|Successful Operating Systems
|- by Paul Muir
The life blood of an operating system is not the operating system's features but the applications that are available to utilize those features. If you have a technically excellent OS but nobody writes applications for it, then nobody is going to buy it.
Poor operating systems can often survive and prosper if they have developer support -- the applications "work around" the inefficiencies or deficiencies in the base OS. More than any other reason, this is why I believe that Microsoft's Windows 3.x was successful at a time when OS/2 was available. I do not believe that even the most diehard supporter of Windows would argue that OS/2 with its multitasking, multithreading architecture was a poorer technical choice than Windows 3.x and yet Windows maintained its market dominance.
Based on the above, if OS/2 (Warp or Merlin) is going to be a popular OS with general "Joe Public" acceptance rather than just with power users and specialists who appreciate a high powered OS, the applications must be available. So, for the record here is my "wish list" of applications that I consider to be essential for a successful OS, broken down into general categories with comments where I believe OS/2 is ahead or behind the pack:
Personally speaking, I have not yet found the perfect file manager although several shareware and commercial applications come close to this. As far as the other utilities go most of these needs are satisfied by shareware and commercial applications but they tend to be scattered. What is really needed is one single package with a consistent interface. A classic example of this kind of package is PC Tools for Windows by Symantec which bundled some simple and some complex functions into one product.
OS/2 has been sorely lacking in this field but the new Lotus SmartSuite promises to not only rectify this, but to take OS/2 to a very advanced level. The one button access to web sites should be relatively easy to incorporate if it is not already there and Warp's automatic software downloading and installation procedure exists and could easily be adapted and expanded to these applications.
OS/2 appears to be doing reasonably well in this field, ahead in some areas and behind in others, especially with the various shareware offerings around as alternatives to the IBM provided applications (outside of the web browser).
Generally, OS/2 appears to be reasonably well equipped although I believe that much more can be done to integrate the applications together. For example, when the phone rings let's have software (rather than hardware) that detects whether it is a voice call for the answering machine, a fax or a data transfer. Several applications are under development for Windows 95 which start to address this communications integration but I have not yet seen any for OS/2.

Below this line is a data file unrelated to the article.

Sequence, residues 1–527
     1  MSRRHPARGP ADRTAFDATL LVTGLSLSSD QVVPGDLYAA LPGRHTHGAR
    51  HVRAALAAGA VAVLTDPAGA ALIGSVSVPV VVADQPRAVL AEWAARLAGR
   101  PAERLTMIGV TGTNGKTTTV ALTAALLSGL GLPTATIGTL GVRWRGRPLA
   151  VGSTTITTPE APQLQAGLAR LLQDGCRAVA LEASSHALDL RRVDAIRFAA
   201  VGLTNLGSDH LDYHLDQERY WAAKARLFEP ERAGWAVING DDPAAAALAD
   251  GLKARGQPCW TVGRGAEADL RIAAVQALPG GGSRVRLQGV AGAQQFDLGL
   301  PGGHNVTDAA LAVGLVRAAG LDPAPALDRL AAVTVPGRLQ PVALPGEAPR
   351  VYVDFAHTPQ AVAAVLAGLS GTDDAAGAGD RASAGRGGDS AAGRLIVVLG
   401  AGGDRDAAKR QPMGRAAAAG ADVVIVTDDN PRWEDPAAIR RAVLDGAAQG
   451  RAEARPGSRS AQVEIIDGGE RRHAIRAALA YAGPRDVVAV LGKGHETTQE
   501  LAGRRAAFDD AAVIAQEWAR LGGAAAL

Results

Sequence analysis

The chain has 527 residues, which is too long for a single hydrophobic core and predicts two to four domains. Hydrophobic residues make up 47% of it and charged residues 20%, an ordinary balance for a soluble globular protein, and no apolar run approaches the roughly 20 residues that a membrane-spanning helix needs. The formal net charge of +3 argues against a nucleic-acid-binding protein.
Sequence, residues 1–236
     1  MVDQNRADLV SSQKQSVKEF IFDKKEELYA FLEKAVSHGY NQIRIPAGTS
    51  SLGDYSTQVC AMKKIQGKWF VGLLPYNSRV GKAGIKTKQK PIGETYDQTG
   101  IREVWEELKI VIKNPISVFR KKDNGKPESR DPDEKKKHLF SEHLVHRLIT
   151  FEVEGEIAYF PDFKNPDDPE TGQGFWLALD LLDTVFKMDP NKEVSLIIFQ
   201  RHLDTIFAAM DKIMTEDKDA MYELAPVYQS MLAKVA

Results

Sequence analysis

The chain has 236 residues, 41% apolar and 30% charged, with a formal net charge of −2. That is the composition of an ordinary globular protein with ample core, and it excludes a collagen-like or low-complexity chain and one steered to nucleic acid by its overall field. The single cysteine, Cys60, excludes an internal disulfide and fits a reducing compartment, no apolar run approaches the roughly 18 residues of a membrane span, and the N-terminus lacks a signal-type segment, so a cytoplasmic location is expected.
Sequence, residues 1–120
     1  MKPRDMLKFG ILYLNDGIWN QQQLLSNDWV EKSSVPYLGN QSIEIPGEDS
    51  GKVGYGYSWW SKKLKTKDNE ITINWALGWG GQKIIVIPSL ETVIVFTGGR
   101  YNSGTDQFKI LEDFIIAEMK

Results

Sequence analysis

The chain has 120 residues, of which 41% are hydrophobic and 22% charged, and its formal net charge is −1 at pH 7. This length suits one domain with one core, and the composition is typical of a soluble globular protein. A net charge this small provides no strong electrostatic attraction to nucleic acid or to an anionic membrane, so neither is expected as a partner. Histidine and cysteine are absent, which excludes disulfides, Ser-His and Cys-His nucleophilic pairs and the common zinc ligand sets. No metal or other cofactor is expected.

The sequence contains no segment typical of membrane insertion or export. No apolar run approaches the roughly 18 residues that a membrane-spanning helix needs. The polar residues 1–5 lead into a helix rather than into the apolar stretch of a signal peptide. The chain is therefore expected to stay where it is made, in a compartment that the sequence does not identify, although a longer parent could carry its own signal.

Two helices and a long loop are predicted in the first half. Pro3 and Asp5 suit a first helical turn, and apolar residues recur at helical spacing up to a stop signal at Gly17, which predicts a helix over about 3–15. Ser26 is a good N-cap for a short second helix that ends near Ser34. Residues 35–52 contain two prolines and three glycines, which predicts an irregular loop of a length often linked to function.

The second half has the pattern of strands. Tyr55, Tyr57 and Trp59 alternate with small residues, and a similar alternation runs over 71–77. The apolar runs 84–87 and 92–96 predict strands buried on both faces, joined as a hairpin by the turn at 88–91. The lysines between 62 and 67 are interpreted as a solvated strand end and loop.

One area where I have found OS/2 very lacking is in the file transfer arena. Yes, I have purchased Kopy Kat and I have downloaded trial copies of other similar applications but none of them come anywhere near Traveling Software's Laplink for Windows in terms of functionality and ease of use. This is one area where tremendous potential exists for a developer -- if anybody is working on this please let me know!
OS/2 goes some way to meeting this requirement but seems to fall short when it comes to the glamorous stuff. If you ever compare the Microsoft Intellipoint and Intellitype features with OS/2 you will see what I mean -- accelerated pointers, snap to pointers and keyboards that sound like typewriters are all within the capabilities of OS/2. It's just that nobody has created them (yes, I have tried BocaSoft Sounds and it is a start, but it needs more bells and whistles).
On the games side, OS/2 is starting to catch up with some very sophisticated and highly acclaimed applications but the choice appears to be limited. For example, I haven't seen any good flight or car simulations on the market yet. Anybody know if Microprose or similar is working on any ports to OS/2?
And please, do not shoot the messenger. I am just a typical user who likes OS/2 and respects its technical merits.
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Copyright © 1996 - Falcon Networking